A Fish Called Wanda airs Sunday, March 20th at 3:00 AM
A Fish Called Wanda was released in 1988, a year in which American comedies were sweet (Big), subversive (Heathers), silly (Ernest Saves Christmas), spoofy (The Naked Gun: From the Files of Police Squad), scary (Beetlejuice) and satirical (Tanner ‘88). And that’s only the s’s.
Wanda, to coin a phrase, was something completely different, a farce that is indubitably…what’s the word I’m looking for? Take it away, Phil Donahue.
“British,” proclaimed the iconic American talk show host in an featuring the film’s core cast promoting the film: John Cleese and Jamie Lee Curtis via satellite, and Kevin Kline and Michael Palin in studio. Donahue called the film “aggressive, irreverent and bold in ways that escape the creative artists in this nation.”
Case in point, he noted: “We would never kill three Yorkies in one movie.”
“I love the film,” Palin wrote in Halfway to Hollywood: Diaries 1980-1988. “Nothing I’ve done gives me as much unqualified pleasure.” No, wait; he was referring to East of Ipswich, the semi-autobiographical drama he wrote for British television. Wanda’s six-year journey to the screen, he chronicled, was more fraught, but in a good way.
A Fish Called Wanda sounds like it could be an animated children’s film, which it certainly is not. Asked in another what the film was about, Cleese offered, “It’s basically about this very attractive, dashing, debonair, and dare I say, rather sexy English lawyer who finishes up with diamonds worth $20 million bucks and a girl called Jamie Lee Curtis.”
For her part, Curtis countered, “Actually, the movie is really about this very bright, very interesting American woman who seduces all these stupid men and gets all the diamonds,” while Palin (Kline was not present), corrected, “It’s about this struggling, courageous animal rights liberationist with very tight trousers who fights for what he believes in.”
Actually, Wanda is a heist film, and the only thing better than a heist film, is a bungled heist film, in which a quartet of thieves each has their own agenda and whose trustworthiness is suspect. The most suspect of all is Curtis’ Wanda Gershwitz, who indeed has not only each member of the gang in her thrall, but also Cleese’s buttoned-up barrister, Archie Leach (Cary Grant fans will get the joke), who is defending the gang’s supposed ringleader.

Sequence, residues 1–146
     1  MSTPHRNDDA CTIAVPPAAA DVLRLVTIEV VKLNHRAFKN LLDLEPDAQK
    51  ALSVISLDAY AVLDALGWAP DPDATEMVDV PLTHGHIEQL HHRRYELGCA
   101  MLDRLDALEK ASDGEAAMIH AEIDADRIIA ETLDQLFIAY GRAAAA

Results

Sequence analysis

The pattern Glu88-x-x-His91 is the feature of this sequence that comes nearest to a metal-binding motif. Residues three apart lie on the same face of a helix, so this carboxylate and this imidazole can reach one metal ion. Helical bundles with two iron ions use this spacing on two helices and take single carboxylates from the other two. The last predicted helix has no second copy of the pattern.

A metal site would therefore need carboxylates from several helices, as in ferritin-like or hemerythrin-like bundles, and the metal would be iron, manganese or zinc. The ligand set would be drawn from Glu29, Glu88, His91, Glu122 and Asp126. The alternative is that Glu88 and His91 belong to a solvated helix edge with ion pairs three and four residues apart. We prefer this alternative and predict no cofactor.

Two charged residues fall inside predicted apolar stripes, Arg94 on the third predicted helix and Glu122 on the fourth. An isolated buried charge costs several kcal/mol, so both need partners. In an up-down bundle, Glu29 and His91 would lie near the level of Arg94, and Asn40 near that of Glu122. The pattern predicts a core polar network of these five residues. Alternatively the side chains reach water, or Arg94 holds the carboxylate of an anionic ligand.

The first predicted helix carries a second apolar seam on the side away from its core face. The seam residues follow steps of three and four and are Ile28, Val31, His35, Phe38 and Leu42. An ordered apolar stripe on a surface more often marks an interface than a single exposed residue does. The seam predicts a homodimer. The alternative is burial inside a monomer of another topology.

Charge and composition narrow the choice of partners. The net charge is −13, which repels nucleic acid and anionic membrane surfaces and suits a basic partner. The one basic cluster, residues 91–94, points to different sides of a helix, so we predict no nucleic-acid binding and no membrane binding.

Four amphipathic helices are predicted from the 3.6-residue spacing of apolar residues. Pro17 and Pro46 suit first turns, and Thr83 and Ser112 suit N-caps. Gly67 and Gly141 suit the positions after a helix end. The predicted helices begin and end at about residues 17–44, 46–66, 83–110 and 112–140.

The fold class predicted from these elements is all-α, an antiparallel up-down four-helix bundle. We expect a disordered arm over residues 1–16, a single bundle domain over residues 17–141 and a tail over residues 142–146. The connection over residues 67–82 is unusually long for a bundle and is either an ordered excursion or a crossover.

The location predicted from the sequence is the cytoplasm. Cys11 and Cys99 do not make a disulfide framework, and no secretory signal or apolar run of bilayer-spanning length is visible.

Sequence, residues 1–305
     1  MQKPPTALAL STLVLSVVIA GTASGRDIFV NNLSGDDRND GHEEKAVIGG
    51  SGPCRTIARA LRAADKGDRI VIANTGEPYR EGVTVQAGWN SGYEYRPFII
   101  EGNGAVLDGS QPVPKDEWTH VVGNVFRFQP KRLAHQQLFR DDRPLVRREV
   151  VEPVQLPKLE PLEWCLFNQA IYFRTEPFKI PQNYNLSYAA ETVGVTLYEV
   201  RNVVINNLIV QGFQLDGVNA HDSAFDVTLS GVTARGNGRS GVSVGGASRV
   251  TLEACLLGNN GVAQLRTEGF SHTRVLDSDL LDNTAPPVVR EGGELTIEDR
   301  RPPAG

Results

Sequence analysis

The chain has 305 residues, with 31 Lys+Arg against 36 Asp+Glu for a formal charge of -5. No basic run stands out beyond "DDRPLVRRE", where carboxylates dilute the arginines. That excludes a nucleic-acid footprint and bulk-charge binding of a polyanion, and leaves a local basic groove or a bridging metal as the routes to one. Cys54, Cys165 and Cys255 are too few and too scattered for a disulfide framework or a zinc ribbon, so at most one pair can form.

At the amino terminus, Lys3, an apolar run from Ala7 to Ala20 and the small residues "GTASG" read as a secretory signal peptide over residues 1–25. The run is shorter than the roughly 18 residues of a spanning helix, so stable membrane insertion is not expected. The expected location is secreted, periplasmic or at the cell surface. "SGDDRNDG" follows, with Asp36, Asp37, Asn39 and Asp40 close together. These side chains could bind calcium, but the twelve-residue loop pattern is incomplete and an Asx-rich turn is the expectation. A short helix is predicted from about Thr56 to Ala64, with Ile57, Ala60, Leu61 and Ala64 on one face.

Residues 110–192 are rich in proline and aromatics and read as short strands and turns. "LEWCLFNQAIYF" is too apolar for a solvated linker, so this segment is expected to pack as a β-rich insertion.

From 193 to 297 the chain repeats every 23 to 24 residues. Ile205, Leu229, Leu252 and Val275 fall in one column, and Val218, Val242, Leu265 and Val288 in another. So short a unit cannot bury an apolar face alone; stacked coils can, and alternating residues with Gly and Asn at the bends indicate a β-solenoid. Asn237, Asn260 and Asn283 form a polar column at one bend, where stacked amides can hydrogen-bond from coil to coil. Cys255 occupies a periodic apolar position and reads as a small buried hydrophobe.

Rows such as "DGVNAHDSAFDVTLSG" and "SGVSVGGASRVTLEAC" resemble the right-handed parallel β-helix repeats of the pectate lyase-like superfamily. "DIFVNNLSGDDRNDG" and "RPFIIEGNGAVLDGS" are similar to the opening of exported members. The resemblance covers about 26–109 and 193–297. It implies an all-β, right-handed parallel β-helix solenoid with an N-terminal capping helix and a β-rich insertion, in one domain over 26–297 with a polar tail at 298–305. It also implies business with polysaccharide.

The film is a collaboration of British comic royalty. Cleese, formerly of Monty Python’s Flying Circus and the co-creator and star of Fawlty Towers, wrote what would be his first solo feature film script.
The venerable Charles Crichton, best known for his classic Ealing Studios comedies, The Lavender Hill Mob (1951) and The Titfield Thunderbolt (1953), directed. He and Cleese had worked together on comic management training short films Cleese created for his film company, Video Arts. Crichton was 77 and had not directed a feature film in over two decades when Cleese recruited him for Wanda. He went to bat for Crichton when studios objected, citing concerns about his age and health, including a bad back (which was alleviated by acupuncture).
Cleese has always been about ensemble, and Wanda is not the star vehicle one might have expected a screenwriter to create for himself (although his character does get the girl). Casting a net, Cleese has said he was inspired by the legendary Beyond the Fringe troupe of Peter Cook, Dudley Moore, Alan Bennett and Jonathan Miller. In “Something Fishy,” a making-of documentary included on a “Special Edition” of the Wanda DVD, Cleese explained that “if you get four funny characters, there are so many combinations you can do…you never quite get bored.”